Wood: The Next Global Commodity?
In light of the increase in demand for wood pellets, it is no surprise that predictions are outlining woody biomass as the next commodity to be traded on the open market.
Biomass demand for bioenergy applications is expected to increase, especially in Europe and particularly for wood pellets. “It’s clear that with incentives in place and the policies in play, that bioenergy is going to be an increasingly important part of the renewable portfolio in many European countries, especially U.K.,” says Cormac O’Carroll, president of Pöyry Management Consulting in London.
O’Carroll emphasizes that for woody biomass to become a commodity, demand needs to be big enough to support a commodity trading platform. And it looks as though the hundreds of megawatts proposed in the U.K. will help that along. The country can only provide itself with 10 million to 12 million metric tons of sustainable biomass each year, falling short of the 50 million metric tons that will be necessary if the multiple proposed biomass plants are developed there. O’Carroll predicts, however, that only a portion of those proposed projects will come to fruition. “Clearly, if even a substantial portion of them goes ahead, there will need to be significant imports of biomass to supply these plants,” he says. “Then they can come from North and South America, certainly, and I think quite a few pellet plants being developed in America are focusing on Europe and in particular the U.K.”
Demand is one important driver of commodity derivative market development, but other factors come into play also, such as volatile market pricing that allows hedging. “When we look at pellet pricing, we see that it is quite volatile,” O’Carroll says. Liquidity is another important element, as well as the number of people trading the material. “There are a lot of pellet plants out there and a lot more planned,” he says. “There are also a lot of pellet consumers on the bioenergy side and more and more entering the business.”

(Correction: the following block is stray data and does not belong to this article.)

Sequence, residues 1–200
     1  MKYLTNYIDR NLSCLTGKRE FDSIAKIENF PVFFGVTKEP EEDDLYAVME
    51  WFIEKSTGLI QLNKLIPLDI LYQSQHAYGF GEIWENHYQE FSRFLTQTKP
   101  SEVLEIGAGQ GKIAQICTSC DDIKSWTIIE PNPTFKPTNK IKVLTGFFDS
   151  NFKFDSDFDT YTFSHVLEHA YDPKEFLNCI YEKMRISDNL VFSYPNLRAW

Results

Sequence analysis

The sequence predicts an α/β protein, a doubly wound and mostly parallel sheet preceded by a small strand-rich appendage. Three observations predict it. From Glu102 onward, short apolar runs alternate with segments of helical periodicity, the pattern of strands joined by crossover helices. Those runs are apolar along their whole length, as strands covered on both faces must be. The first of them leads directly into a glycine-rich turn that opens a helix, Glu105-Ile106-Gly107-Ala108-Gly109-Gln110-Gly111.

If wood pellets were to become a commodity, it would make the market more efficient and would make moving forward with bioenergy investments much easier, especially from the perspective of power utilities, O’Carroll explains. “They’re used to having a working commodities market for their feedstocks, be it gas, oil, coal.”
For the forestry industry, it could shift the environment surrounding biomass agreements from its traditional bilateral focus. “With the emergence of bioenergy, certainly, we see a lot of the forest industry players and forest owners starting to rethink their approach a little bit and starting to think about longer-term contracts and even starting to think about how they might take advantage of the increasing commoditization of biomass,” O’Carroll says. For forest owners, commodity status for wood would mean another market for their products, but industries using wood now, such as pulp and paper, would most likely not benefit. “They may not like to see much of a commodities market develop in biomass because that potentially makes their life more difficult,” he says.
But the scarcity of supply to satisfy growing demand points to woody biomass becoming a global commodity in the near future. O’Carroll predicts it within the next few years.